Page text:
André Persiany (p, org), Guy Longnon, Bill Jackson, Lucien Juanico, Pierre Thibault (tp), Benny Vasseur, Gaby Villain, André Paquinet, Charles Verstraete, Bill Tamper, Claude Gousset (tb), William Boucaya, Teddy Hameline, André Dabonneville, René Godard, Michel Attenoux (as), Guy Lafitte, Maurice Meunier, Armand Conrad, Georges Bessieres, Jean-Claude Fohrenbach (ts), Michel de Villers, Robert Bagneres (bs), Pierre Cullaz (g), Buddy Banks, Benoit Quersin, Paul Rovère (b), Jacques David, Teddy Martin, Christian Garros (d), Fats Sadi (perc)
Reference: FSRCD 968
Bar code: 8427328609685
André Persiany has long been one of the favorite pianists among fans of French jazz. Inspired at first by Milt Buckner’s block chords, “Pépé” (as he was known among friends and fans) forged his own recognizable style. A true swingman, he played with a strong and unrestrained flow that was especially prominent when it came to blues.
Despite his young age, "Pépé" was already an accomplished composer and arranger when in 1954 he assembled the nine-piece unit to record the first album of this CD release. For this initial session, Persiany chose a program alternating fast with slow numbers. Only in the first case is the orchestra as a whole used extensively—featuring solos by all the band members, while on the ballads his longtime fellow, the full toned tenor saxophonist Guy Lafitte shines and plays with warmth and delicacy. After this first album, in 1955, Persiany came up with a new and larger band—with three tunes having the frightening vigor propelled by the percussion of Fats Sadi on bongos. The ensemble plays with consistency, poignance, power and swing comparable to their American counterparts.
In 1958, another particularly noteworthy moment in Pépé’s career took place, when he organized a complete big band to play the music of his most admired idol: Count Basie. But, the project was not a cliché purveyor, or a copy. Instead it was a buoyant set of sagely-constructed new arrangements conceived from Persiany’s viewpoint and approach, displayed by the clean and full bodied brass and sax sections. Behind them, the whole rhythm team drives away with nary a letup.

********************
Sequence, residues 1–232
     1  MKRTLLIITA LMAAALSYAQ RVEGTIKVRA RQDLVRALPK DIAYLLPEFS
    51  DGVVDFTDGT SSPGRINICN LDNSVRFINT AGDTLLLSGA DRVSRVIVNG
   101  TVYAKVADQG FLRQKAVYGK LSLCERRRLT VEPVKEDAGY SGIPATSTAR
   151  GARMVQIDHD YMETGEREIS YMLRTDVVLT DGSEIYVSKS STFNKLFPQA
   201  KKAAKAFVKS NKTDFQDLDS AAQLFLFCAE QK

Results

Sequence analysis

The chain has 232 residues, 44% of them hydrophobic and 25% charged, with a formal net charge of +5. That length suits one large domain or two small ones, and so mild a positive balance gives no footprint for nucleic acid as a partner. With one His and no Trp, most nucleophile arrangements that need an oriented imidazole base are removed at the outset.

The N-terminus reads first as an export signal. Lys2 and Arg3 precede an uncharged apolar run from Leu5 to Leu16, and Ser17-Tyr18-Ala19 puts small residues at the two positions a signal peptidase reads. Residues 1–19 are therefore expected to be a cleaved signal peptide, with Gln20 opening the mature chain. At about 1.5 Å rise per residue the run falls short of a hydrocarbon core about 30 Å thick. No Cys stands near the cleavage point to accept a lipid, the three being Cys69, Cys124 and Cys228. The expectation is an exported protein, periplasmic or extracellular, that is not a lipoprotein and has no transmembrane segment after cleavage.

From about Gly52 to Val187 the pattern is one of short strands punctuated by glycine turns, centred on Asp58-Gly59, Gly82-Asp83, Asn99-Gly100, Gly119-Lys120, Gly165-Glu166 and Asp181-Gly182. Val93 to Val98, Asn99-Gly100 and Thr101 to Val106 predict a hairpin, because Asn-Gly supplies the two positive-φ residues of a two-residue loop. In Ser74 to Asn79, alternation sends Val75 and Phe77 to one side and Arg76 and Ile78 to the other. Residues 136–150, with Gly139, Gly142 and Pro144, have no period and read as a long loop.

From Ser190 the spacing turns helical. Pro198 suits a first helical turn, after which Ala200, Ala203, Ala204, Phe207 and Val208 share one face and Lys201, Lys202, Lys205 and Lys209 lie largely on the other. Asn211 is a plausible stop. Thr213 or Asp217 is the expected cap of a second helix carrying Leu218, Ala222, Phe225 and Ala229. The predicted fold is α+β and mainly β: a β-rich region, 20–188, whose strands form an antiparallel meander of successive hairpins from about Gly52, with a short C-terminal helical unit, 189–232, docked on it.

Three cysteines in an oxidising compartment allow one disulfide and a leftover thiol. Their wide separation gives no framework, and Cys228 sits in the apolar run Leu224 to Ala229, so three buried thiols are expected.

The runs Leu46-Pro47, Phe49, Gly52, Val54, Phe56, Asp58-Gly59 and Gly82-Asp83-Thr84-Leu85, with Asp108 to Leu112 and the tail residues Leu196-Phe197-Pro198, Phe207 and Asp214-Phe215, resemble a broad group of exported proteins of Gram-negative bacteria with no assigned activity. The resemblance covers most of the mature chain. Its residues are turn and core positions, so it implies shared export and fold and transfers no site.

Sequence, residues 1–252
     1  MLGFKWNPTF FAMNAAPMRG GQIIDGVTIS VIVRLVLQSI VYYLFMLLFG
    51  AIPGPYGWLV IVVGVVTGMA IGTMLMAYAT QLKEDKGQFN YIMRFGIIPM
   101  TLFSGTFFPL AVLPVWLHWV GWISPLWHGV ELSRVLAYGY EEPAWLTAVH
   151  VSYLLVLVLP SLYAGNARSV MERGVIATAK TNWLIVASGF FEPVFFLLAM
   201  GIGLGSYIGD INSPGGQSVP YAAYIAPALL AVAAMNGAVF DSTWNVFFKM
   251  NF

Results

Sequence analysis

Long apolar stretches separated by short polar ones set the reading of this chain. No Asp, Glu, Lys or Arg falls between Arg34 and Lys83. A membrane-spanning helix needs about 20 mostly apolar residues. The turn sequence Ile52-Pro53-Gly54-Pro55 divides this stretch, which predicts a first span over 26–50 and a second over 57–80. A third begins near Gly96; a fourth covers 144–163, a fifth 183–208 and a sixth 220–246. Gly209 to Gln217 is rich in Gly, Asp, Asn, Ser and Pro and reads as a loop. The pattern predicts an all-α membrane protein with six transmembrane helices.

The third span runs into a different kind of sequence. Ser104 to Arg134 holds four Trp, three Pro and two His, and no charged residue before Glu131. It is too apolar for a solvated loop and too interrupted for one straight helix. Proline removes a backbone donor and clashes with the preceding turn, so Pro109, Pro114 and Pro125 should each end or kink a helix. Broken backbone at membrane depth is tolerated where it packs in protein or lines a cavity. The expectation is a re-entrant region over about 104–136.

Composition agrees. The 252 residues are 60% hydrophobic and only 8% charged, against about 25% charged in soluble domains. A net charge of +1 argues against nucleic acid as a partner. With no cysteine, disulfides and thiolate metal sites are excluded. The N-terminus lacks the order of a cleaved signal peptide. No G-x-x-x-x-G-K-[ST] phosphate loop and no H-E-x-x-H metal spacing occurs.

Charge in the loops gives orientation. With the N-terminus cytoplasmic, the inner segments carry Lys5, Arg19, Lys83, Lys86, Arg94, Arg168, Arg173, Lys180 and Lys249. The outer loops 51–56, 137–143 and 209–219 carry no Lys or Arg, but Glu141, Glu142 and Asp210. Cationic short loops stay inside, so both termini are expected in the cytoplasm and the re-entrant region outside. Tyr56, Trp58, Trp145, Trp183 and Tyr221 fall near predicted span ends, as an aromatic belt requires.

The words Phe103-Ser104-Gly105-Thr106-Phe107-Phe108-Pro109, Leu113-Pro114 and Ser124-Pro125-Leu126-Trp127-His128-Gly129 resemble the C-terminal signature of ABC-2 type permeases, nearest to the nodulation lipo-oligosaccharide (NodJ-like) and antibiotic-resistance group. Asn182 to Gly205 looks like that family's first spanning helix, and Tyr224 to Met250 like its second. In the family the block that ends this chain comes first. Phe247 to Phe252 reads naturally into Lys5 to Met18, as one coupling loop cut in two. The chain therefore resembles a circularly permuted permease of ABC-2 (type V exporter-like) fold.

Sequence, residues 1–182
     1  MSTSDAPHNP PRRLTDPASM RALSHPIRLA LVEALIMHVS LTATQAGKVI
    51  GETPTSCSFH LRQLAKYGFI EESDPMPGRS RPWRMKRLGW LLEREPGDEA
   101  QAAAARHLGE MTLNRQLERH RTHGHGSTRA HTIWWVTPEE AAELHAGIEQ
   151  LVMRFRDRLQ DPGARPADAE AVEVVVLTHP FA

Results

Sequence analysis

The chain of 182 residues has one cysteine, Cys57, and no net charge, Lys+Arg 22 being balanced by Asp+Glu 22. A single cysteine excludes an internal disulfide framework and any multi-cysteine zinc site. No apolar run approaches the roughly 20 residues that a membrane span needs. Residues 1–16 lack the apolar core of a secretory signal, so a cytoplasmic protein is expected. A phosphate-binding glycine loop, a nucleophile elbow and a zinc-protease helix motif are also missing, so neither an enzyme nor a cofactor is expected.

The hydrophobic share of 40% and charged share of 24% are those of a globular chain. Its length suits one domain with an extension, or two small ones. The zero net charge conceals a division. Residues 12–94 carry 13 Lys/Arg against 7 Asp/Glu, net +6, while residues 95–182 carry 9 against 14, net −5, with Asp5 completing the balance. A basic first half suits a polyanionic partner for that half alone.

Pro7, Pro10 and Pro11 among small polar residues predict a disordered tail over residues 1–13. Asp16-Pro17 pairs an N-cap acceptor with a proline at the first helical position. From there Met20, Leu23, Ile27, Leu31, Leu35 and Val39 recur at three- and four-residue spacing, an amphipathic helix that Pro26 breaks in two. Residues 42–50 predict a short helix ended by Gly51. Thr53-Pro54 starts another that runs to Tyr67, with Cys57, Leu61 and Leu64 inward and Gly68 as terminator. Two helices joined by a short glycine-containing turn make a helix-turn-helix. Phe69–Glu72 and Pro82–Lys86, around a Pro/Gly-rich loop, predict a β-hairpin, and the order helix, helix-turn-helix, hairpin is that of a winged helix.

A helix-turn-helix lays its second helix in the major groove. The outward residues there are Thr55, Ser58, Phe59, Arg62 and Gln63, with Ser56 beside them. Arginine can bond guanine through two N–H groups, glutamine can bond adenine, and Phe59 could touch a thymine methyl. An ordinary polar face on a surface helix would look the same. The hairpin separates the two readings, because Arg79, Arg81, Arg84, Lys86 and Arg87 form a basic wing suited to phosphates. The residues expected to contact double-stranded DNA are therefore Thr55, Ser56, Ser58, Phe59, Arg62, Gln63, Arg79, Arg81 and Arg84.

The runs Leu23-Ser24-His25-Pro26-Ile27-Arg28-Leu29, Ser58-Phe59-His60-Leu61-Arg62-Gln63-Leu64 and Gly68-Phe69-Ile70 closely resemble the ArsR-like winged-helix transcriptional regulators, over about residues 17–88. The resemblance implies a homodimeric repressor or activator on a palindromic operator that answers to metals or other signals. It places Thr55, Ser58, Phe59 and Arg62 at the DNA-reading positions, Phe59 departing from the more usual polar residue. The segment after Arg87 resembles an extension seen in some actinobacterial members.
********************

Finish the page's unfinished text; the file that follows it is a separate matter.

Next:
"Apart from the admirable Kenny Baker’s Dozen there was no British equivalent to Persiany in the 50s. He was a gifted pianist and arranger, and he led bands where the musicians were fluent and accomplished. His groups were well-rehearsed and so the leader’s charts, imaginative and inventive, succeed well.
The first track shows off a handful of soloists to good effect. The fiery Longon was on leave from Claude Luter’s band and Benny Vasseur had already achieved an eloquence more American than Gallic. Lafitte, not featured as much as you might expect, gets his first display when he digs in, Hawk-like, to Blue Organ. Guy was a most consistent tenorist with a ravishing tone, and he presumably remained so until his early demise at 71. Boucaya is full of bright ideas, and his feature on Lover Come Back is a great introduction to his playing.
André’s writing for the saxes is delicious, as you’ll find on Halbe, Finnts and T-Bone, a sonorous feature for Vasseur. Lafitte does indeed donne la chaude sonoritè (all relevant liner notes are in French) to Christmas Song and gives it a relevance unusual to the Christmas tree and baubles image. Saxes are rampant on Finnts, with de Villers announcing himself as a baritone giant. Longon’s Mamoune is a reflective ballad showing he wasn’t hide-bound by French trad (the sax writing is so good I suspect it was by André.
The (2) band is even better, with Beer Barrel wielding a hefty poke and exemplary bass playing by Quersin behind the leader’s Buckner outing. Although he’s only listed on baritone, I suspect it is the gifted de Villers playing the alto feature on Little Story. He’s back on baritone to split Twelve Bars with an abrasively hostile Lafitte.
The final seven tracks is a batch of Basie, re-conceived by Persiany, with the muscle of an unusually large battalion and his fine arranging skill. Blue And Sentimental has a good alto solo from Attenoux, more familiar for his Bechet-like soprano, and a melodic piano solo before a fascinating conversation between the sections. Attenoux takes it out with some graceful inventions. He also precedes de Villers with more commanding alto on Jive At Five.
André emigrated to New York soon after these sessions, and stayed there for the best part of a decade. He died on 2 January 2004."
—Steve Voce (April 25, 2019)
"Pianist André Persiany had a rich and warm touch on the ivories, and while he was usually featured in a small group settings, these two collections of big band charts is a nice alternative. There is a six song tribute to Count Basie in a 1958 session, and the sax section sways to a hip “Shorty George” and “Jive at Five” with some nice work by LaFitte on “Topsy” and a melancholy “Blue and Sentimental.” A nine piece unit from 1954-1955 has a rambunctious and reedy “Halbe Funf”, “Just For Fun” and “Lover Come Back to Me” with Persiany pulling out the organ for a smoky “Blue Organ” that doesn’t let go. Lafitte is as warm as an autumn sunset on “Little Story” as well. The liner notes are filled with bon mots; did this guy ever come to the States? We sure missed something!"
—George W. Harris (January 14, 2019)